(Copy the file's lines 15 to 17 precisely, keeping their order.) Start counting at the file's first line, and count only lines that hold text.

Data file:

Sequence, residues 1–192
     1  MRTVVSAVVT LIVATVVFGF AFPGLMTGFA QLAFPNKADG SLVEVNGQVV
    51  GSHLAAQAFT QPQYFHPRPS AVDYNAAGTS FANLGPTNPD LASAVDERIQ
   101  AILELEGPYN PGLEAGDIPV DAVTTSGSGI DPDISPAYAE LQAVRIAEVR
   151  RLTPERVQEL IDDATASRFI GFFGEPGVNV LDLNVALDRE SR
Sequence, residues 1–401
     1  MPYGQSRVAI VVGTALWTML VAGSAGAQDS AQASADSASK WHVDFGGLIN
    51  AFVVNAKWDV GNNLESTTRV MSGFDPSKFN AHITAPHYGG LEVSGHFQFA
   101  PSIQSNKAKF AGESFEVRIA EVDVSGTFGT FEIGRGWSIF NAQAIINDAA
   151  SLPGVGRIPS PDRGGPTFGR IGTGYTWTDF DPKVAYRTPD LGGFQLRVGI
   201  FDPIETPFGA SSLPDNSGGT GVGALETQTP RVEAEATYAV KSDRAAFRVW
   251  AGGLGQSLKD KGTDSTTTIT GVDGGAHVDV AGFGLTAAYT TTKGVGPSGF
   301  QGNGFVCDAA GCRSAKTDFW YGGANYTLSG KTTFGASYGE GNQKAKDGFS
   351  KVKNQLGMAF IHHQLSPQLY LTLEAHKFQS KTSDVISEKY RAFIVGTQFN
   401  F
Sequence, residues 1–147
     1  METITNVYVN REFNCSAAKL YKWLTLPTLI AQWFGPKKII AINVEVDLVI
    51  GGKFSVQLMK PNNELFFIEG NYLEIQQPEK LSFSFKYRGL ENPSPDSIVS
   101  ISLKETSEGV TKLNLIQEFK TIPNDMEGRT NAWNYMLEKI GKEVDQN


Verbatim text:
   401  F
Sequence, residues 1–147
     1  METITNVYVN REFNCSAAKL YKWLTLPTLI AQWFGPKKII AINVEVDLVI